Healthcare is growing to consume nearly a fifth of the United States economy. It is one of the most highly-regulated industries and lawyers in this field are in growing demand. The health law program at the James E. Rogers College of Law prepares students for work in this exciting field, including bioethics, health insurance reimbursements, medical malpractice, regulatory science, Medicare fraud, facility licensure, access to care, quality assurance/compliance, and public health regulation.
The core of the health law curriculum consists of four courses:
In addition, there is a range of other valuable electives including disability law, insurance law, intellectual property, regulatory science colloquium, information privacy and others. Students are also allowed to take a wide range of courses from other schools and departments in the world-class research university, including for example CPH 564 - Public Health Advocacy and MGMT 538 - Health Care Organization and Management.
Students completing the four core courses, along with six credits of electives and a substantial paper in the field, can earn a health law certificate. This certificate recognizes students’ specialized training in this field.
The health law program is led by John D. Lyons Professor of Law Roy Spece. Professor Spece is a nationally-recognized expert in bioethics, medical malpractice, conflicts of interest, professional licensure, and litigation around medical products. His experience includes work on the contaminated blood litigation, which affected thousands of patients. His publications include Bioethics and Law: Cases, Materials, and Problems (M. Shapiro, R. Spece, et al. eds., 2d ed., Thomson/West Publishing Company 2003); and Conflicts of Interest in Clinical Research and Practice (R. Spece, D. Shimm, and A. Buchanan eds., Oxford University Press 1996). He is a former chairman of the Law & Medicine Section of the American Association of Law Schools.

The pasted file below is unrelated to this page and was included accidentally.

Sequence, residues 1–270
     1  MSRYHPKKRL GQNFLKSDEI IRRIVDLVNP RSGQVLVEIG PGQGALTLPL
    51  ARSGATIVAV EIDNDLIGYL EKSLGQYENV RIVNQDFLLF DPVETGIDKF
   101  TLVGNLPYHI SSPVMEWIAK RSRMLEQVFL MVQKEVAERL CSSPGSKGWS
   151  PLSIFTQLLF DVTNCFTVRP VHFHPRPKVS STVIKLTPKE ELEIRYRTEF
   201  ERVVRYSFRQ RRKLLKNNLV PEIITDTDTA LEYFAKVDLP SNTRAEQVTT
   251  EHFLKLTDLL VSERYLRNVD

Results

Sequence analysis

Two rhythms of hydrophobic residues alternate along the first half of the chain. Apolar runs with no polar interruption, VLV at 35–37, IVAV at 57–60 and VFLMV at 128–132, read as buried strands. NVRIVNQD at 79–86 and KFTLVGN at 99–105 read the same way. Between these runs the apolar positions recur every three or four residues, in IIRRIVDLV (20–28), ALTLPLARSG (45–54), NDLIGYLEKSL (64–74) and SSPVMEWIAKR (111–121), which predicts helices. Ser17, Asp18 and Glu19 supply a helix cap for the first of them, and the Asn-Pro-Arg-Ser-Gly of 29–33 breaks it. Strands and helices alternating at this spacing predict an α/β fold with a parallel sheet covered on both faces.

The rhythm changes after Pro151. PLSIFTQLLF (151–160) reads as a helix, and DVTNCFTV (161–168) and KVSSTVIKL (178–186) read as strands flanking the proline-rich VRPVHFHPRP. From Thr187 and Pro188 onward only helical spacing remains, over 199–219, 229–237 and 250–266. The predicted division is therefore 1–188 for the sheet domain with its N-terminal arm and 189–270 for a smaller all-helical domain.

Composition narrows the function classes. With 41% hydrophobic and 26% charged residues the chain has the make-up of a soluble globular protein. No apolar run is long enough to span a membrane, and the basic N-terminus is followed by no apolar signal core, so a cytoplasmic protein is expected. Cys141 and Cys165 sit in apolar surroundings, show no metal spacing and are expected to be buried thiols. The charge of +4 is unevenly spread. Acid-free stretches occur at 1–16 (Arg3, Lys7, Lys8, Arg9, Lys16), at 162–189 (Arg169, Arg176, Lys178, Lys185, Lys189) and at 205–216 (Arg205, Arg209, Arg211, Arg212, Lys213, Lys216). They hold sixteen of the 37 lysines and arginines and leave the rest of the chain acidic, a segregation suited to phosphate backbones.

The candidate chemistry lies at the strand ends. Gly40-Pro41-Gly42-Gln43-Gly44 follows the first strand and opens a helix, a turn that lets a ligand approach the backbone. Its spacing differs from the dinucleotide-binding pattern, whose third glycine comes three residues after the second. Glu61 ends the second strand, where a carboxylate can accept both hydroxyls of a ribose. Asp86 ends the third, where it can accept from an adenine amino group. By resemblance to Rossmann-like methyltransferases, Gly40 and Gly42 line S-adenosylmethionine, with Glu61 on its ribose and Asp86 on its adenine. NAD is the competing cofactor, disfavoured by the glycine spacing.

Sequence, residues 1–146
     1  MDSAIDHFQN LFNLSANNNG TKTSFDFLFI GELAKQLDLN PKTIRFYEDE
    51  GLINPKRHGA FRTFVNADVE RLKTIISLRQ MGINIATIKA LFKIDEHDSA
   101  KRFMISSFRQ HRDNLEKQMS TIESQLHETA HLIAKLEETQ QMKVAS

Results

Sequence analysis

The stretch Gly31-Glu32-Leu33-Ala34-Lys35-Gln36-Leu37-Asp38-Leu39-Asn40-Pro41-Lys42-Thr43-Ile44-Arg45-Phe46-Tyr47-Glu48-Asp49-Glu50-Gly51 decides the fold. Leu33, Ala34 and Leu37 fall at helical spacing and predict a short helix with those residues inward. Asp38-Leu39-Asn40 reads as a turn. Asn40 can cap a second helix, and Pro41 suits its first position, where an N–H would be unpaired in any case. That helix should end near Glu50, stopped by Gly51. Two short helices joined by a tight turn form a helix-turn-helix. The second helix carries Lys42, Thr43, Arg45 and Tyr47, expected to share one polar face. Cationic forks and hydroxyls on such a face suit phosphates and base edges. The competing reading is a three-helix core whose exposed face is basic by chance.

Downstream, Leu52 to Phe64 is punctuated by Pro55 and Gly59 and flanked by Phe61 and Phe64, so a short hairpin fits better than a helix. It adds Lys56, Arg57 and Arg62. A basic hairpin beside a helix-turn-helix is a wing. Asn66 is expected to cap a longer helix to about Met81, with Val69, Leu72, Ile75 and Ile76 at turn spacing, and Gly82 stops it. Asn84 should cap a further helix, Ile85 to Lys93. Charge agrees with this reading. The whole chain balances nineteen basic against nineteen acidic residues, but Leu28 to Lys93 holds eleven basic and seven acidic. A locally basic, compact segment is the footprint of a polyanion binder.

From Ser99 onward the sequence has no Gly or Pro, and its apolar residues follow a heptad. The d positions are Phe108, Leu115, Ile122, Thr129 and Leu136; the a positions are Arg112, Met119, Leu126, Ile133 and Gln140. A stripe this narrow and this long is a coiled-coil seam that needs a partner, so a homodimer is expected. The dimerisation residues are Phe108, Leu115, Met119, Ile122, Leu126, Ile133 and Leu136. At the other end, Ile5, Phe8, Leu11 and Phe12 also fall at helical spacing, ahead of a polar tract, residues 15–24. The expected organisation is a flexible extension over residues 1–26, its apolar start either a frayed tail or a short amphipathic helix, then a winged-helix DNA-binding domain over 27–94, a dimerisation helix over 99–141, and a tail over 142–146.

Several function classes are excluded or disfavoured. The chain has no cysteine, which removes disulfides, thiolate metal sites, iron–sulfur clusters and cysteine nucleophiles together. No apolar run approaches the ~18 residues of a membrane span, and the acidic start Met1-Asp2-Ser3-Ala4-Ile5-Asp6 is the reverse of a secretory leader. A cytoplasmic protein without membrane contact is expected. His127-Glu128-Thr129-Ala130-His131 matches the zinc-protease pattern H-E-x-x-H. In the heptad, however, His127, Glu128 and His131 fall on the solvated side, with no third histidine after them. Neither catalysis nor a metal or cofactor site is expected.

Professor and Associate Dean Christopher Robertson is an expert on conflicts of interest in health care, health insurance, and regulatory science. His litigation experience has focused on high-stakes mass torts cases involving medical and scientific disputes. He is the editor of two books, including Nudging Health: Behavioral Economics and Health Law (with Holly Fernandez Lynch and I. Glenn Cohen, Johns Hopkins University Press, 2016). Professor Robertson’s scholarly research has been published in the New England Journal of Medicine, along with many peer-reviewed journals and law reviews. He has received funding from the Robert Wood Johnson Foundation, and he also served the foundation as a methods core advisor. He was the founding faculty member of the regulatory science initiative at the College. Robertson is affiliated faculty with the Petrie-Flom Center for Health Law Policy, Biotechnology and Bioethics, Harvard Law School.
The faculty is complemented by a world-class group of Professors of the Practice, including Tracy Nuckolls, who for years was the General Counsel for a major metropolitan hospital, a position that allowed him to develop a sophisticated knowledge about the entire range of health law transactions, including creation of institutional insurance companies. Jill Cartwright, serves as corporate counsel at Ventana Medical Systems, part of Roche, a global pharmaceuticals company. She has also taught core classes in the program and advised substantial papers.
The core faculty is complemented by a wide range of other professors that teach relevant courses, including:
University of Arizona is also an excellent place to study health law, given that it has an academic hospital, a world-class research enterprise, and faculty in a wide range of disciplines. For examples of faculty strength elsewhere in the University: philosopher Michael Gill is a leading bioethicist; sociologist Robin Stryker is a leading scholar of law, science, and public health; and Leilia Barraza is an expert in law and public health. The College has a very open policy for cross-registering for courses, across the University.
Students have undertaken a wide range of health-related internships, including work with the general counsel’s office of the University’s academic medical center, the regulatory science initiative within the College, and the Tucson Family Advocacy Program, which collaborates with local physicians to provide health-enhancing legal solutions for their patients. Working with Professors Spece and Robertson, students have also served on the hospital’s bioethics committee, co-authored papers, and performed grant-funded research. Law students also participate in the Interprofessional Education Program (IPEP), training with graduate students from medicine, public health, nursing, and pharmacy in realistic simulations on topics including pandemic flu governance and disability law.